In retrospect, perhaps I should have asked for a cover that reflected rather better the non sci-fi aspects of Lena ­– if that’s even possible. Perhaps it’s better just to get on with writing my next book, which is going to be even harder to ‘place’. Genre-busting is all well and good if you’re already a well-known author. Doesn’t work so well for the rest of us (though once again, I’m sure there are exceptions, and I admire you if you are one of these).

Was there ever a day when books were ‘covered’ in a way that simply reflected their content and caught their spirit, contributing to the book’s production as a work of art? I collect first editions, some of them fifty years old or more, and in many of the covers I can see an idiosyncratic slant that would not stand up in today’s world of rabid marketing. Looking through my collection yesterday I chose a few favourite covers, which I’ve included in this piece. I have a feeling that at least some of these would not work to sell the book today. 

How much does the cover of a book matter to you? Would a particularly bad cover put you off buying a book you really wanted to read? Have you ever put a brown paper cover on a book to avoid seeing its awful cover while reading it? Or have you ever read a book whose cover you loved so much you kept sneaking a look at it between chapters? I’d love to hear what you think.

Just don’t get me started on titles. That’s a subject for another day.

Happy reading (and cover-stroking)

Here are links on Amazon UK to all the books whose covers I've featured above:


Rosalie Warren said…
Could this be the first post ever on AE to get no comments at all? Do I get a prize?

Umberto Tosi said…
Au contraire, Rosalie! Thank you for a very illuminating post, a keeper for we author-publishers tempted to do everything, including design. Great cover on Lena's Nest! When I edited magazines, the cover was critical not only to sales but identity but bringing an issue together.
Really interesting and thought-provoking post. I would have commented before but I'm supposed to be taking a break from work. As both a writer and a fledgling designer, I am particularly tempted to have a go at designing my own covers but after reading this post, it has made me more cautious about the wisdom of doing so. And I'm delighted to discover that you are a Barbara Trapido fan. I haven't read her now for years but I absolutely loved her books when I discovered them and maybe it's time for a re-visit. PS. As you already know, I really rate the cover of Lena's Nest!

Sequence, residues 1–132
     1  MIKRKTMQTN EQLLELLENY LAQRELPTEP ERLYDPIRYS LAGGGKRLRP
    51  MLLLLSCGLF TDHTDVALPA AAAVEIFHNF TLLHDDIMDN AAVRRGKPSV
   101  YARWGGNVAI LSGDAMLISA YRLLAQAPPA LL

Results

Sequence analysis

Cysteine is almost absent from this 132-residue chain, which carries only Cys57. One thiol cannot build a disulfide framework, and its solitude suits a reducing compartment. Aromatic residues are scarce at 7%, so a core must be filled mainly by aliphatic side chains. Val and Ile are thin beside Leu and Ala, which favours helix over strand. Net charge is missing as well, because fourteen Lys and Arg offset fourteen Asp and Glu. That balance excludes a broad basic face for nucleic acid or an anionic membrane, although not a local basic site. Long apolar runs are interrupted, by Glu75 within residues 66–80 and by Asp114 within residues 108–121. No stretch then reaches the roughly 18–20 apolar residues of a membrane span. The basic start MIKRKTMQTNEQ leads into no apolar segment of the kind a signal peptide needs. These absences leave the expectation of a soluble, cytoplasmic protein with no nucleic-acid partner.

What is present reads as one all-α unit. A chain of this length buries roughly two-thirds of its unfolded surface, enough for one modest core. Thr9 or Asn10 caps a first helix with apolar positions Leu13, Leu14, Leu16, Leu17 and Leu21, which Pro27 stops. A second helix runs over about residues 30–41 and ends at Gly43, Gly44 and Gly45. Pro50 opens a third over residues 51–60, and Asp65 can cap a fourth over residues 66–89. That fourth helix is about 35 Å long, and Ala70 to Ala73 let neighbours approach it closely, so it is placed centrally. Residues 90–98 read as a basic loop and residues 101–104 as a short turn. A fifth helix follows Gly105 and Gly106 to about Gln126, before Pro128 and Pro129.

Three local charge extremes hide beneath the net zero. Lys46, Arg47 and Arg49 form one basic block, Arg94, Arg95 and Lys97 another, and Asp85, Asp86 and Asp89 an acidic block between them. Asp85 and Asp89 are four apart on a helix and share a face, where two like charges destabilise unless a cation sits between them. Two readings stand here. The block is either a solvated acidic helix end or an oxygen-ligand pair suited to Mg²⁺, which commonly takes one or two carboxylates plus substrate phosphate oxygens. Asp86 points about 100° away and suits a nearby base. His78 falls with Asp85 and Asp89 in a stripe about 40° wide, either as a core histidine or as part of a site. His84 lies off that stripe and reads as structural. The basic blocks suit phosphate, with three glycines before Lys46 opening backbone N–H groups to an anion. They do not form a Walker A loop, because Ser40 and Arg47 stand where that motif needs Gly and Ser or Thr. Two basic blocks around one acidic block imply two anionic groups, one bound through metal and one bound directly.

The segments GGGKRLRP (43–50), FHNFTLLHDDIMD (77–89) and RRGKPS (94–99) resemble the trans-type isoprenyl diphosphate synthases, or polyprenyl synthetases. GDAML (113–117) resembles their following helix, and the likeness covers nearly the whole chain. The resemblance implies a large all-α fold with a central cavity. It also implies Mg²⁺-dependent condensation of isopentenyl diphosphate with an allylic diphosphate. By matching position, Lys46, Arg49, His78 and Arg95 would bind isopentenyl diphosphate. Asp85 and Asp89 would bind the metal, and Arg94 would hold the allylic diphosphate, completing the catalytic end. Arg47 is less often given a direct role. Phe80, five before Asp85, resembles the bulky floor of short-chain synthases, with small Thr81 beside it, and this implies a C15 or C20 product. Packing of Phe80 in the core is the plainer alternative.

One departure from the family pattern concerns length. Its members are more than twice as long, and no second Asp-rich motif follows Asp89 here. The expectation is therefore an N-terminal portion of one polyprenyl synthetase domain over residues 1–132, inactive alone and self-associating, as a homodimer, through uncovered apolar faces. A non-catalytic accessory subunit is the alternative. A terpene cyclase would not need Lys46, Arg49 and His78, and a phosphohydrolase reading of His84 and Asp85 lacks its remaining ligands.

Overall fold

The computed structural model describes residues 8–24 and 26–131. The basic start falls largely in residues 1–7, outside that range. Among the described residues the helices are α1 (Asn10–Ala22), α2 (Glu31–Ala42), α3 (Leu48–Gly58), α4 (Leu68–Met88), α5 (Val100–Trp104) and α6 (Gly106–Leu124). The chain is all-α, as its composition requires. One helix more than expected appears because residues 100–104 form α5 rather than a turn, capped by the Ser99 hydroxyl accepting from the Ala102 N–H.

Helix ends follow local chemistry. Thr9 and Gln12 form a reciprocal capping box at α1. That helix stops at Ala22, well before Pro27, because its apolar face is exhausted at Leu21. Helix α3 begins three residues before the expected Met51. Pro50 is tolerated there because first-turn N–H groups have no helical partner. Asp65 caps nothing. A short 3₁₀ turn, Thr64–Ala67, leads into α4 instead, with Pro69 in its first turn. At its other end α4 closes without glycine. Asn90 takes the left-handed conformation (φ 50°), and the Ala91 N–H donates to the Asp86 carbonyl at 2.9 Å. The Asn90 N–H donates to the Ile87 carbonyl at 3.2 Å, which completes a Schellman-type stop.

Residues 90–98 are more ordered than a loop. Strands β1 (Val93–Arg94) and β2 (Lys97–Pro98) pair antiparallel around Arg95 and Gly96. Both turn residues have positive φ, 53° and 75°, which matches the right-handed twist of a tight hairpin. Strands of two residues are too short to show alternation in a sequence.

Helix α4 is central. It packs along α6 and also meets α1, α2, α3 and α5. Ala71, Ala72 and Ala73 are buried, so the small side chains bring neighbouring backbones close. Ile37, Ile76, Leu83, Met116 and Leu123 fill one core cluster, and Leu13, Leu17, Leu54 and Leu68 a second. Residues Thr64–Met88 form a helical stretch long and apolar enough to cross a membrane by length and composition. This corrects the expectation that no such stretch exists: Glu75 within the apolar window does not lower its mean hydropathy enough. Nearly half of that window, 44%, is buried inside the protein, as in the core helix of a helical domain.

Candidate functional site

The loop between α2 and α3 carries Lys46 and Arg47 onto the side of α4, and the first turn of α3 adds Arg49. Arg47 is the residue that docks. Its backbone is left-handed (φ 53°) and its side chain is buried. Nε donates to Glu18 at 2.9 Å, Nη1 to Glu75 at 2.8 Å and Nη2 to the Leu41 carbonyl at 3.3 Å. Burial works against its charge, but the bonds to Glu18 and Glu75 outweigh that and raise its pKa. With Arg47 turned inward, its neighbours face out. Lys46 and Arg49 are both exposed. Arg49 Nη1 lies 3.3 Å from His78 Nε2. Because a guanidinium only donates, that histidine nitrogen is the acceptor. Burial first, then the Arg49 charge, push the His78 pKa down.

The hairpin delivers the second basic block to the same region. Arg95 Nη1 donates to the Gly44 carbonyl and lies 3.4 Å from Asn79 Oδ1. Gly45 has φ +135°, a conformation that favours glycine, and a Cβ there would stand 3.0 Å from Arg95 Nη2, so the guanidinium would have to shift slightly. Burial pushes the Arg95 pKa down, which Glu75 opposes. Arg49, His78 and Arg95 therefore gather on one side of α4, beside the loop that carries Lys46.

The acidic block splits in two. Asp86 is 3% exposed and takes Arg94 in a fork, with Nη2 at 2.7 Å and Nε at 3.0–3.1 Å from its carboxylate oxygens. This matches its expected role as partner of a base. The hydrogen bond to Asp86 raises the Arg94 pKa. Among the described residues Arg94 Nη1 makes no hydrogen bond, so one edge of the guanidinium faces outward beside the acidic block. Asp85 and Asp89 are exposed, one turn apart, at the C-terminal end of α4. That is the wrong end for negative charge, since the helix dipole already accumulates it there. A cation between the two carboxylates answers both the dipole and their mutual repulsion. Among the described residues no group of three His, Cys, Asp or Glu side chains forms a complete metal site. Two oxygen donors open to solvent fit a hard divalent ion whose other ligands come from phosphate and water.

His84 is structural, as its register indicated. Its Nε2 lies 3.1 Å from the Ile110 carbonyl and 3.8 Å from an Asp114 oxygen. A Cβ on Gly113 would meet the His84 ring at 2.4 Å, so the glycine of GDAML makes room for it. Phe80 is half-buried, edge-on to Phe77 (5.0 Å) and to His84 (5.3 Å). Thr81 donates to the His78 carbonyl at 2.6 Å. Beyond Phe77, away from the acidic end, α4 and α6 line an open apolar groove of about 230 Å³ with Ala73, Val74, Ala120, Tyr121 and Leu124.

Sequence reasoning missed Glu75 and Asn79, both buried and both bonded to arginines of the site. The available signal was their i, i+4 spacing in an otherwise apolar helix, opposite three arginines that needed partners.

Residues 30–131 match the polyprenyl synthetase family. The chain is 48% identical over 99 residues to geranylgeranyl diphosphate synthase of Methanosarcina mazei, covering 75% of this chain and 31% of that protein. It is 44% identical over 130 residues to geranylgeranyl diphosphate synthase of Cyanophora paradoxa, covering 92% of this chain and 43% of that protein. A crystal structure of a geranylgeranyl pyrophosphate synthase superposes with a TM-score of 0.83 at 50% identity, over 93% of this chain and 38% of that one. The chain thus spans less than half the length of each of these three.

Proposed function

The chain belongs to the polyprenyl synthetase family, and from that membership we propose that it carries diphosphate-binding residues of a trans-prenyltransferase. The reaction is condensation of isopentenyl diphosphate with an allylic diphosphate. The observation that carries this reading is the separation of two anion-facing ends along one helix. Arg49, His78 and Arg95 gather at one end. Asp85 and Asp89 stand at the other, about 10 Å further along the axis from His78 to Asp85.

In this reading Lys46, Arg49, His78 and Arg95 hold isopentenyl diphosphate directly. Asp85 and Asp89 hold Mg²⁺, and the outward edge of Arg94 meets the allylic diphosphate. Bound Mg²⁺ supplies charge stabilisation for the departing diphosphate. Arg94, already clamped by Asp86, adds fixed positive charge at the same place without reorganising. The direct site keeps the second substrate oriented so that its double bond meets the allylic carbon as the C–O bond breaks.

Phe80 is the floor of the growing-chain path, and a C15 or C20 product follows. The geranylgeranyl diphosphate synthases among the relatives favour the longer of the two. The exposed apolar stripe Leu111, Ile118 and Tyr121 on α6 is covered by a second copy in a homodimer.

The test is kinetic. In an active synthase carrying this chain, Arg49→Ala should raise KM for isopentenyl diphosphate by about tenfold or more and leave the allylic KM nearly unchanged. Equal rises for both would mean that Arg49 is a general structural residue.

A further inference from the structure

Anonymous said…
AT LAST! My laptop is allowing me to comment, I'm away from home and have been struggling with this for days. I'm afraid you come WAY down in the stakes of EA posts receiving no comments at all - obviously you are out of the running now but even before you had no chance of coming first. There is already a Highly Select Group of us you will have to try much harder to join.

Very good points about book covers. Yes, a designer is a must - as well as the aesthetics there are some vital basics like making the font size and colour easy to read so your title and name jump out at the reader. And don't forget the spine! Lena's Nest works brilliantly.

Incidentally, one of the most irritating maxims (annoyingly common), is that old 'Don't judge a book by its cover'. Because of course all designers and publishers set out to make books look as dreary as possible... grr.

Rosalie Warren said…
Just returning to my post after a couple of weeks, having been prompted to look for further comments.

Melissa, thank you, and I'm glad I made you stop to consider... However, I know your design skills are excellent so I would hate to put you off completely. Book cover design does seem to be a very specific art/craft/skill, but if anyone can learn to do it I'm sure you can. We must chat about Barbara Trapido sometime - I've never met anyone else who is familiar with her books!

Griselda, thank you for the prompt to check my post again. Disappointing to hear that I come so far down in the no-comment stakes on EA - I must try harder! :-) Glad you like the Lena's Nest cover. I've just commissioned the same company to design the cover for a new book about copy editing I'm going to publish shortly.